- clothing and medical aids of unlimited value
- household goods worth up to $4,000.00
- a vehicle worth up to $5,000.00
- any amount in an RRSP except for contributions you made within the past twelve months
- tools of the trade worth up to $10,000.00
- equity in your principal residence up to $12,000.00 (in Victoria and the Greater Vancouver area) or $9,000.00 (anywhere else in the province).
If your assets are owned jointly with your spouse or other parties, only your portion is taken into account. If you have any realizable assets (all other assets aside from these exemptions), we will discuss this with you in detail. You will not necessarily have to give up your assets in a bankruptcy.
After you sign the documents and the bankruptcy is filed, you have some ‘duties’ to complete. The main duties are:
- to make the payments as agreed (whether for fees, surplus income, or assets)
- report your income each month so that we can monitor whether you have surplus income
- attend two financial counselling sessions
- keep us up to date with your contact details
- inform us of any change in your financial situation (such as an increase or decrease in income, job loss or new job, a lottery win, inheritance or other windfall)
- provide the information needed for us to file your taxes for the year you started the bankruptcy (and possible for prior outstanding years).
If your duties are not completed, you will not be able to receive your discharge from bankruptcy.
Consumer Proposal Faq
You first need to speak with a Licensed Insolvency Trustee about your options. If you decide that a Consumer Proposal is the right choice for you, we’ll need you to complete an application form and provide some supporting documents – we’ll give you a list. We will prepare the legal documents that you’ll sign, and these can be signed in person or virtually. We’ll then file the documents with the Superintendent of Bankruptcy, and send notice to all your creditors.
A Consumer Proposal must be completed within 5 years. Usually the payments are monthly (over 60 months), but a Consumer Proposal can also include a lump sum payment, or a combination of the two. If your finances allow, you can pay it off sooner than the agreed-upon payment schedule lays out.
If enough creditors vote against the Consumer Proposal, there may be some negotiation. Sometimes the creditors may ask for additional information. The 45 day period can be extended if a creditor votes against the Consumer Proposal (this gives more time for negotiations if needed).
We will keep you informed of any against votes, information requests or counter offers – if you don’t hear from us within the 45 days, this is good news.
The majority of Consumer Proposals are accepted by the creditors.
Creditors have 45 days to vote for or against the proposal, and it will be accepted if the majority (by dollar value) vote to accept it.
If a creditor votes against the proposal they will usually ask for more information on something (CRA will usually vote against if your taxes or GST returns are not filed up to date, and may change their vote once the outstanding returns are completed) or they will make a counteroffer – if your proposal payments were $200 per month, a creditor may want you to pay $300 instead. We will discuss this with you, and can answer in three ways – accept the creditor’s higher amount, make another offer (in this case, you could counteroffer $250 per month), or explain to the creditor why $200 is the most you can afford. There may be some back and forth communication with the creditors like this in less then a quarter of proposals filed, and the vast majority result in an acceptance.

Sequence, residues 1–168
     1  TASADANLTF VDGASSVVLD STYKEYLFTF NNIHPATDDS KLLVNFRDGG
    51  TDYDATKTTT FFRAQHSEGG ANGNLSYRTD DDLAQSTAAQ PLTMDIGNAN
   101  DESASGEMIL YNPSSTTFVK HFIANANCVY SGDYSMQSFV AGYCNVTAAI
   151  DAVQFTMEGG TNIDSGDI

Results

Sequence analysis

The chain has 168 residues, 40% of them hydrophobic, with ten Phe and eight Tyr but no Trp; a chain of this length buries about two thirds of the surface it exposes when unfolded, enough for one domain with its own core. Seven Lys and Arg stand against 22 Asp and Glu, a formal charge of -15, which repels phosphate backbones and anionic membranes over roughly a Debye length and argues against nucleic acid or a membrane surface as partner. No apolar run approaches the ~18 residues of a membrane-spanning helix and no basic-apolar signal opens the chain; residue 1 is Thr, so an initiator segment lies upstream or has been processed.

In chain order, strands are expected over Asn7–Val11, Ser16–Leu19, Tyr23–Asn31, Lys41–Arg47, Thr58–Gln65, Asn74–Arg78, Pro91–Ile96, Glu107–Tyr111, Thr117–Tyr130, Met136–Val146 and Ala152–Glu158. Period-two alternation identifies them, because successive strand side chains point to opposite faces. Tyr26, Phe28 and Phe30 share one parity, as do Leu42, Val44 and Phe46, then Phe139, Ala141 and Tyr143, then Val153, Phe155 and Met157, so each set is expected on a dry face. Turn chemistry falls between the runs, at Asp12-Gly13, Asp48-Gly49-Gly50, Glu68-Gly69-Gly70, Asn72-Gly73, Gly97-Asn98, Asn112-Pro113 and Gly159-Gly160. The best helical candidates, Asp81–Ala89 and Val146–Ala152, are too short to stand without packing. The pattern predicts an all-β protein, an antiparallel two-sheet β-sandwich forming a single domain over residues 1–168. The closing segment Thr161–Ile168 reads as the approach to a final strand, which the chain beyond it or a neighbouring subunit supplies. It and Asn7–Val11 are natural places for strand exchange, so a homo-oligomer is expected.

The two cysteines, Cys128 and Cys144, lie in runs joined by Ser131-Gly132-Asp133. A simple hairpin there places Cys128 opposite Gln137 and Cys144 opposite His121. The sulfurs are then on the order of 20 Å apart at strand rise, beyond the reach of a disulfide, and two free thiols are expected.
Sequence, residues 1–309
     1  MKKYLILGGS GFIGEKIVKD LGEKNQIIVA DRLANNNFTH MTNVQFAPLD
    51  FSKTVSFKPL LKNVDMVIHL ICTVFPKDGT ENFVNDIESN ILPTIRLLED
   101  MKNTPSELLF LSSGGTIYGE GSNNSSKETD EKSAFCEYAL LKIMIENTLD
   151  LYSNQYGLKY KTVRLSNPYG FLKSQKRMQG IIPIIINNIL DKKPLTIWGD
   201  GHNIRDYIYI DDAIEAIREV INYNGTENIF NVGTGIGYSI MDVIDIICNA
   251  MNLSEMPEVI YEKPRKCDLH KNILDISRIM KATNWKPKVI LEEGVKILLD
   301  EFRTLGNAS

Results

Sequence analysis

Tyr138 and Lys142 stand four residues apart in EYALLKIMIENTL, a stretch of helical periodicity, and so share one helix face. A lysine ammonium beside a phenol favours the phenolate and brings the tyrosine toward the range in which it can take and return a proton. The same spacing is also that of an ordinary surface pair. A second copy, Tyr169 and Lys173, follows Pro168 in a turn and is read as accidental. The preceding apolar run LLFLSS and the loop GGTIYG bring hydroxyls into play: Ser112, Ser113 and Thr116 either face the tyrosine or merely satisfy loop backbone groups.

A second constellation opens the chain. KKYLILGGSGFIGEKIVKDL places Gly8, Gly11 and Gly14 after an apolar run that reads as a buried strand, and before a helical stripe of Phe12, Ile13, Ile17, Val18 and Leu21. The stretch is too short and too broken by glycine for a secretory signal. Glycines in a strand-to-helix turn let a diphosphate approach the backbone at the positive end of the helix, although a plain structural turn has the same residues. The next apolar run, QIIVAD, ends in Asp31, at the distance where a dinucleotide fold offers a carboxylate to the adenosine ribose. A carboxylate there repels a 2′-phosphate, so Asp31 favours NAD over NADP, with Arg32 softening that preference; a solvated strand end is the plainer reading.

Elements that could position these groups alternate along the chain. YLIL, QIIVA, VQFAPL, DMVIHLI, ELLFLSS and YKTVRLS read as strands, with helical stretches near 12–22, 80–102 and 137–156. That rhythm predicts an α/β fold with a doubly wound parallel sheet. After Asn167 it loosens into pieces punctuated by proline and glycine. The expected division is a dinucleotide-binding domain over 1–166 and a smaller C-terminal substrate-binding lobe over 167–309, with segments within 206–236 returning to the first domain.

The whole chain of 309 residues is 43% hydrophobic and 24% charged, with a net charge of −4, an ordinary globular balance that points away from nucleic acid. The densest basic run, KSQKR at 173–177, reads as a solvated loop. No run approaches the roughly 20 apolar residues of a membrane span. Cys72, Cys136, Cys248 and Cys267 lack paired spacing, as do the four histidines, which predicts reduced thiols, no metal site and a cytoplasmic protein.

If you are having trouble with your proposal payments, please contact us immediately.
If you fall three payments behind the payment schedule, your proposal will be in default and will be deemed annulled. Your creditors are able to resume collection attempts and legal action.
It is possible to revive a proposal after it has been deemed annulled – please contact us to discuss your options in this situation.
Yes, this is a legal requirement for all consumer proposals and personal bankruptcies filed in Canada. The LIT can’t issue your Certificate of Full Performance to complete the proposal if the two sessions aren’t completed. The sessions are usually about 30 minutes, they can be done by video, phone, and in person, and they cover useful topics like budgeting and credit rebuilding.
In short, yes. If you have assets that would be ‘realizable’ (have value available for your creditors) in a bankruptcy, the value of them will be taken into account along with other factors when calculating the Consumer Proposal payments, but the actual assets remain untouched. Some people choose to use assets, such as a TFSA, to make a lump sum proposal payment but this is not required.
If your assets are secured (ie. You have a car loan or a mortgage), you will need to continue making the payments as usual if you want to keep the assets. If your car loan has become unaffordable and you wish to return the vehicle, we can discuss the best way to do this.
Unless your spouse has co-signed or guaranteed any of your debts, they will not be affected by your Consumer Proposal.
Our fees are included in the monthly payments that you will make to your creditors. There is no cost for our consultations, and there is nothing additional to pay. The fees are decided by a Government tariff and are the same for all Licensed Insolvency Trustees.
Your monthly payments will depend on the amount of your debt, your current monthly income, and your assets, if any.
Any debt arrangement aside from making all your payments on time will have a negative impact on your credit score.
A Consumer Proposal has a rating of R7, lower than payments being more than 120 days overdue (R5) but higher than having a vehicle repossessed (R8) or a bankruptcy (R9).